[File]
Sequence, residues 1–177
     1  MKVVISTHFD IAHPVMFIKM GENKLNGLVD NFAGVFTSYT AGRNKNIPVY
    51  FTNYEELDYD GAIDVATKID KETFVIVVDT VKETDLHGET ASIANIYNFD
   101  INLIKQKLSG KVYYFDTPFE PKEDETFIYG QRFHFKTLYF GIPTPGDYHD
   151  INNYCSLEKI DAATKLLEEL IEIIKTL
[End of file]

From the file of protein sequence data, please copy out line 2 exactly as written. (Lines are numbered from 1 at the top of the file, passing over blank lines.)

     1  MKVVISTHFD IAHPVMFIKM GENKLNGLVD NFAGVFTSYT AGRNKNIPVY